Corey Haggard has taken more of a traditional single-pager approach to his portfolio. He’s hopped on the out-sized typography trend, and if you click on any of the thumbnails on his site you’ll be rewarded with a flag-style enlarge effect, but basically this is a no-nonsense portfolio that shows off some inspiring work, and is well-worth a few minutes browsing.
Victor Work 20’ is the 2020 portfolio of Victor Costa, a Brazilian designer/developer based in Toronto. Scroll through and you’ll find some nice flag effects on the portfolio thumbnails. What we really like is the cool wavy line transitions as you scroll from one area of the site to the next — it’s an awesome way to section sites, without subjecting us to hard, horizontal lines.
Davide Baratta’s site is one of the new breed of portfolio sites that really only work well on touch screens. If you check it out on a tablet, or a large-screen mobile device, it’s awesome. The simple slide back and forth, with taps for further exploration, feels like a native experience. A lot of time and effort has gone into making this site feel effortless. There’s also some great lettering in there.
It’s all about generative art these days, and Pierre Mouchan’s site is no exception. With a nod towards out-sized typography, what really grabs your attention is the giant pulsing blob in the center of the screen; it’s enough to trouble Steve McQueen. Each blob on the site represents a project and you can click on each for more info. It even works surprisingly well on mobile.
A Color Bright
It’s all very well presenting beautiful animation if that’s your focus, but what if your focus is on user experience? A Color Bright is a Berlin-based design agency that provides UX/UI design, product development, brand growth, and other digital design. Its portfolio is all about the potential of the user, with a focus on the dynamics of the team you’ll be working with if you hire them.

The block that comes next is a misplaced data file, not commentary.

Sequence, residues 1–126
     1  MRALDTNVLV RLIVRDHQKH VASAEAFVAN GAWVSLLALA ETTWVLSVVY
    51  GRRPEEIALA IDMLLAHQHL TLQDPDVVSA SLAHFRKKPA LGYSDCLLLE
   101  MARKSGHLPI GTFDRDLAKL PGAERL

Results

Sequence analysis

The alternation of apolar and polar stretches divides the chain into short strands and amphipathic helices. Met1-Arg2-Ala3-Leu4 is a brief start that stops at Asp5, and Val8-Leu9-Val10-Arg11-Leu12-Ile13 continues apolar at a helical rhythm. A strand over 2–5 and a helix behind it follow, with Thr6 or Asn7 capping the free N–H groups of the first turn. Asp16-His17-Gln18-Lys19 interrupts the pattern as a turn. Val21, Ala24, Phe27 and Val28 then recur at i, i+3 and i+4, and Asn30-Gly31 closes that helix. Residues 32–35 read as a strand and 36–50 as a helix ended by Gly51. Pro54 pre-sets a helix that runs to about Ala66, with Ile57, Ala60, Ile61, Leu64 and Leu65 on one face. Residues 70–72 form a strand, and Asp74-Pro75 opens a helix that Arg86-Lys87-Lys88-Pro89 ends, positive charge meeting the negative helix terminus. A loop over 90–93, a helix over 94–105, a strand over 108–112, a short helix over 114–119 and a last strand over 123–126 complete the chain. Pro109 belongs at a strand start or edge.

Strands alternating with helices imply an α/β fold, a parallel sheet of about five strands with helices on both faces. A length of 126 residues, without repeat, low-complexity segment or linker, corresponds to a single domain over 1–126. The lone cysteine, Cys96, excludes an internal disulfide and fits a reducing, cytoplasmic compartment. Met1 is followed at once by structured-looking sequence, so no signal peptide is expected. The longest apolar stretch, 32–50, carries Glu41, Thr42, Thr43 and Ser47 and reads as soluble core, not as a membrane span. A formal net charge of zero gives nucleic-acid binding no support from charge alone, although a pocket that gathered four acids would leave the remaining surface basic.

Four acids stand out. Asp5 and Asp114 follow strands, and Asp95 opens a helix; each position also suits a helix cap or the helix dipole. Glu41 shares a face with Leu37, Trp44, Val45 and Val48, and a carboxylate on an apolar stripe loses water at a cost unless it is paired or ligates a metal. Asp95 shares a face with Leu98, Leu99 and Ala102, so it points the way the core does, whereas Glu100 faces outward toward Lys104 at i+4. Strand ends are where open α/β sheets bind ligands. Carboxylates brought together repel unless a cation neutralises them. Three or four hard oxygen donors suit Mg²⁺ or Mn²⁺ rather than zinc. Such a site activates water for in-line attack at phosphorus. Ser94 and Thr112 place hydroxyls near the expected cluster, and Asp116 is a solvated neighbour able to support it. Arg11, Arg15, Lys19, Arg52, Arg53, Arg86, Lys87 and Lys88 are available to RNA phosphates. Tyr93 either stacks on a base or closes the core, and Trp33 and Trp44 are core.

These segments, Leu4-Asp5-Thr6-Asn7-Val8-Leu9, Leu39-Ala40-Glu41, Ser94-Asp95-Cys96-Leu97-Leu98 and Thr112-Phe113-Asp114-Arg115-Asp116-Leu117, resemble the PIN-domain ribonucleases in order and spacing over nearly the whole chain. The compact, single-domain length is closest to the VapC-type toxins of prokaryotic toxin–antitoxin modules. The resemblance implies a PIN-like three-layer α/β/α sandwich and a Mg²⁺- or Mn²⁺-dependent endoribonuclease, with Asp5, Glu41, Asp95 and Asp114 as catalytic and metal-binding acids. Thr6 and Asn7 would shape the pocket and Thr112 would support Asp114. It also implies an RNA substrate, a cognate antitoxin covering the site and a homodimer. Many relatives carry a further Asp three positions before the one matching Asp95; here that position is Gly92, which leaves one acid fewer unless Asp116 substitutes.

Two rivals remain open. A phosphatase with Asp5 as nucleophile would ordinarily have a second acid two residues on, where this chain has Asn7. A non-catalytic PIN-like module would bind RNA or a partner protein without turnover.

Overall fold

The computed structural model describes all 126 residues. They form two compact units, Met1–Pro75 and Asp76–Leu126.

The Mill’s site is a visual overload of motion design, VR, animation, and video. It works as a collection precisely because the lack of hierarchy allows you to delve in on a whim. Each video thumbnail links through to a case study, and the quality of the clients (Nike, Jeep, HBO, Spotify…) means that wherever you click you’ll be rewarded with a high-profile project.
Oxana Bayra’s portfolio opens with glitch-effect artwork that’s growing increasingly popular. Cursor over one of the crystalline objects — each of which features expertly coded artwork — and the glitch-effect grows stronger. Bayra’s won dozens of awards for her generative art and design work, and much of it is on display in her portfolio.
Kevin van der Wijst
Kevin van der Wijst is a digital designer based in Valencia, and you can feel the influence of that sunny Spanish city in his site. In recent decades Valencia has become known for some of the most extraordinary public architecture in the world, and the geometric shapes of van der Wijst’s portfolio echo the shapes of sunlight on buildings. If you cursor over it, you’ll see there’s a liquid mouse trail effect, as if the buildings were reflected in pooled water.
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Author: Paddi MacDonnell